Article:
Any attempt to remedy a lack of interest in voting by increasing the involvement of marketers would, I fear, make matters worse (MW last week).
Widespread disengagement from the electoral process is largely a result of the increasing use of marketing techniques by political parties. By adopting the slick methods of the advertising world, politicians have inadvertently turned themselves into the same depersonalised products that those techniques were initially designed to sell.
By adopting the behaviour of brands, politicians and their parties have forced themselves into a straitjacket of homogeneity, over-simplification and safety. When people wonder where the passion has gone in modern politics, or ask why people cannot tell it straight any more, what they are effectively saying is that our politicians are more worried about style than substance.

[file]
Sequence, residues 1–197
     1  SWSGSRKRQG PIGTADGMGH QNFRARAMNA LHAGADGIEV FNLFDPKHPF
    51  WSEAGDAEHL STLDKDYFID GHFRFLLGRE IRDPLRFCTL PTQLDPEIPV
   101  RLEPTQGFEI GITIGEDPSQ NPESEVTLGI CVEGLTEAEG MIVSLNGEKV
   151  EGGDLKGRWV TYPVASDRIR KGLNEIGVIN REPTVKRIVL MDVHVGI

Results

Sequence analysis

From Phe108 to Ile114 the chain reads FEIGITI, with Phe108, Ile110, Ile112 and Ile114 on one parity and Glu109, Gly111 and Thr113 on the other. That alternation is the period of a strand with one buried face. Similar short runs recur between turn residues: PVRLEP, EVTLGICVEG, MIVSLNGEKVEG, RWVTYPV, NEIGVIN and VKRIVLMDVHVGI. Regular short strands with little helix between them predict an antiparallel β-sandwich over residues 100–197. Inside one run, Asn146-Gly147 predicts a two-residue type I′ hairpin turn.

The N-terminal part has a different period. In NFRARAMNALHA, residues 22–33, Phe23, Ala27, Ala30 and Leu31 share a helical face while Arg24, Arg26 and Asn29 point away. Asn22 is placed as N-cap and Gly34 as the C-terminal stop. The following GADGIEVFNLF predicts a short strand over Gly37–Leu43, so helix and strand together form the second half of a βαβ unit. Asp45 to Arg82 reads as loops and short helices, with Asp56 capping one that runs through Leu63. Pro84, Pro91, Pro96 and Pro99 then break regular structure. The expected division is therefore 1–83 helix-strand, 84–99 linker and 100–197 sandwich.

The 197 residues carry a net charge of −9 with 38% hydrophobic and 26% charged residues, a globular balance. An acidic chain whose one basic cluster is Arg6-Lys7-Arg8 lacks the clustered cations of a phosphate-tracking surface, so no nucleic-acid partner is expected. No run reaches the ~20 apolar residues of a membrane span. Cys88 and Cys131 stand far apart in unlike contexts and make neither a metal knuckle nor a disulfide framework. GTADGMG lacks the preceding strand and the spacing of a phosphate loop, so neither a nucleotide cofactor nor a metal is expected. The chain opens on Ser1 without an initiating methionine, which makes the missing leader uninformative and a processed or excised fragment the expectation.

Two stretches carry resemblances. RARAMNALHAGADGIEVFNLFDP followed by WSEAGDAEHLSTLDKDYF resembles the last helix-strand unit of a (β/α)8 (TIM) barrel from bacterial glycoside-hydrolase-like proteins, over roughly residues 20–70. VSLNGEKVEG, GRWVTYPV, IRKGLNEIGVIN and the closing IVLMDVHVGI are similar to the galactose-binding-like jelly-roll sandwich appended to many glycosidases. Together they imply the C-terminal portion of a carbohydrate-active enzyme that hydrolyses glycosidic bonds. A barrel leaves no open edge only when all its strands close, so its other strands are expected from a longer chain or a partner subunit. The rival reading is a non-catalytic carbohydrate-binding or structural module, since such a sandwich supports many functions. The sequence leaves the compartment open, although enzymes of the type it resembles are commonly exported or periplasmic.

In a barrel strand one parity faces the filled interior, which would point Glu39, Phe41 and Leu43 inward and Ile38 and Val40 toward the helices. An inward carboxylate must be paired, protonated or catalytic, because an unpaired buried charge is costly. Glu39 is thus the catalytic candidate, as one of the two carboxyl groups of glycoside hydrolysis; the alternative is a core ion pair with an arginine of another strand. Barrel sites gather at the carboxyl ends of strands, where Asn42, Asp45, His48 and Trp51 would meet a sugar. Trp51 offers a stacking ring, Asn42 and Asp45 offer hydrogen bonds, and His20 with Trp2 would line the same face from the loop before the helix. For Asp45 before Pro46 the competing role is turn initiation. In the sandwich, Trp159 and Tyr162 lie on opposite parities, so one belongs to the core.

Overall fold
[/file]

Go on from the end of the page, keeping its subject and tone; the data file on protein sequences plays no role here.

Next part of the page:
It is all very well having a recognisable logo, image and message, but the price of image is detail: we get a polished product, but we also get vacuity.
Marketers in politics are a fact of life, and in some senses a welcome one: it would be futile and wrong to complain about that. But the answer to apathy is fewer marketing techniques, not more.
Fleishman Hillard Public Affairs